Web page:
Visual Query Languages, Representation Techniques, and Data Models

Visual Query Languages, Representation Techniques, and Data Models

Maria Chiara Caschera (IRPPS-CNR, Italy), Arianna D’Ulizia (IRPPS-CNR, Italy) and Leonardo Tininini (IASI-CNR, Italy)
Copyright: © 2009 |Pages: 28
DOI: 10.4018/978-1-60566-098-1.ch010
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An easy, efficient, and effective way to retrieve stored data is obviously one of the key issues of any information system. In the last few years, considerable effort has been devoted to the definition of more intuitive, visual-based querying paradigms, attempting to offer a good trade-off between expressiveness and intuitiveness. In this chapter, we analyze the main characteristics of visual languages specifically designed for querying information systems, concentrating on conventional relational databases, but also considering information systems with a less rigid structure such as Web resources storing XML documents. We consider two fundamental aspects of visual query languages: the adopted visual representation technique and the underlying data model, possibly specialized to specific application contexts.
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Traditional database systems are usually deployed in closed environments where users access the system only via a restricted network (e.g., an enterprise’s internal network). With the emergence of the World Wide Web, access has become possible from virtually anywhere, to any database with a Web interface. These Web-accessible databases, or Web databases, provide an elegant solution to store any data content to which a ubiquitous access is needed (Gribble, 2003). However, there is a need to provide users with a uniform, integrated view for querying the content of multiple Web databases.

Providing an integrated view of multiple databases is both important and challenging. Two particular challenges must be overcome: connectivity and interoperability. The Web has provided the necessary “pipes” to interconnect isolated data islands. However, to address the interoperability issue, more than a networking infrastructure is needed. The challenge remains to cope with the heterogeneity amongst the different databases as it obstructs interoperability. The need has therefore arisen for a middleware that transcends all types of heterogeneities and provides users with a uniform view of the content of Web databases (Bouguettaya, Rezgui, Medjahed, & Ouzzani, 2004).

In the context of Web databases, a middleware achieves uniform database access and interoperability. The challenge is to provide across-the-board transparency in order to allow users to access and manipulate data irrespective of platforms, locations, systems, or any other database-specific characteristics (Vinoski, 2002). To meet this challenge, we identify the following key issues:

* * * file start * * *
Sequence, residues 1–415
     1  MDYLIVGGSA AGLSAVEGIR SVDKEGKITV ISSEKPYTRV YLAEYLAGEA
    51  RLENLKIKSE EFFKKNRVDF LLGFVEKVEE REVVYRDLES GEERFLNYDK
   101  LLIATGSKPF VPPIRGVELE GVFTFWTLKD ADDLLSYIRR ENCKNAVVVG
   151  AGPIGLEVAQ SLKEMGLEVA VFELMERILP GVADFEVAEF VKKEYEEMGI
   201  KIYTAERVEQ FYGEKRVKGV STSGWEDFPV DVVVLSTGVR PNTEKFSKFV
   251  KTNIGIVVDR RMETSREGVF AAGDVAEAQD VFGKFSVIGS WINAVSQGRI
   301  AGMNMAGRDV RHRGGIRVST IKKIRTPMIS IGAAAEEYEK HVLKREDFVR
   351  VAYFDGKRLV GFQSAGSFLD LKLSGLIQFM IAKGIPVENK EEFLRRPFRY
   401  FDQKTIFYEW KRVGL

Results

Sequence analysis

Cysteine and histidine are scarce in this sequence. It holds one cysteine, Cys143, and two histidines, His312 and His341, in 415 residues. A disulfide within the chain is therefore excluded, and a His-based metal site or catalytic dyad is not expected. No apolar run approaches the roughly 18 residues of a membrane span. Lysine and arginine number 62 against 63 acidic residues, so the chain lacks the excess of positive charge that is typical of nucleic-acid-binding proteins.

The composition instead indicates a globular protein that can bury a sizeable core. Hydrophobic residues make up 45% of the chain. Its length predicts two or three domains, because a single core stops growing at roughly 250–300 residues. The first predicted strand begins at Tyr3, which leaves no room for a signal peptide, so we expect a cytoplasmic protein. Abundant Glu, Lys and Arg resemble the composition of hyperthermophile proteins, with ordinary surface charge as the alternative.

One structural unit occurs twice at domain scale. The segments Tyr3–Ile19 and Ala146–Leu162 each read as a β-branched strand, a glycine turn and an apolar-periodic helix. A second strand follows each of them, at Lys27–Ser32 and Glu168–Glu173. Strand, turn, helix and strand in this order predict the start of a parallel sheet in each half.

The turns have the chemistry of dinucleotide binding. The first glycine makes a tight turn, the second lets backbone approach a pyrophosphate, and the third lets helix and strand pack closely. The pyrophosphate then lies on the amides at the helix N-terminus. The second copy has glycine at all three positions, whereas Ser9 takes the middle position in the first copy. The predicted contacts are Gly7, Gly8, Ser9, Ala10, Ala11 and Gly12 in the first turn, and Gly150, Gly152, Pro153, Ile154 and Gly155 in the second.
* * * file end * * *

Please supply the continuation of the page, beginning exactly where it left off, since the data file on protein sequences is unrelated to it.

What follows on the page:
• Locating relevant information sources. In Web applications, the information space is very large and dynamic. A way must be found to organize that information space in a rational and readily comprehensible manner to facilitate the location of pertinent data.

  • Understanding the meaning, content, terminology, and usage patterns of the available information sources. Users must be educated about the information of interest and dynamically provided with up-to-date knowledge of database contents. Users must also be instructed as to the appropriate means of linking to information sources.

  • Querying sources for relevant information items. Once appropriate information sources have been found, users need to be provided with the tools necessary to access and integrate data from these information sources.

To address the previously mentioned issues, we have developed the WebFINDIT system. The major contribution of the system is providing support for achieving effective and efficient data sharing in a large and dynamic information space. WebFINDIT presents an incremental and self-documenting approach. The system processes a user query in two steps. First, querying metadata for information sources location and semantic exploration. Second, querying selected sources for actual data. WebFINDIT provides support for educating the user about the available information space. The efforts related to registering and advertising the content of information sources are minimized.

We have provided an extensible middleware for querying autonomous Web databases and applications. We have incorporated Web services in our system to provide uniform access to applications. The Web services technology has been developed to assist in the integration and interoperation of isolated, autonomous and heterogeneous sources of information and services. The participants of a Web services system do not have to worry about the operating system, development language environment or the component model used to create or access the services.

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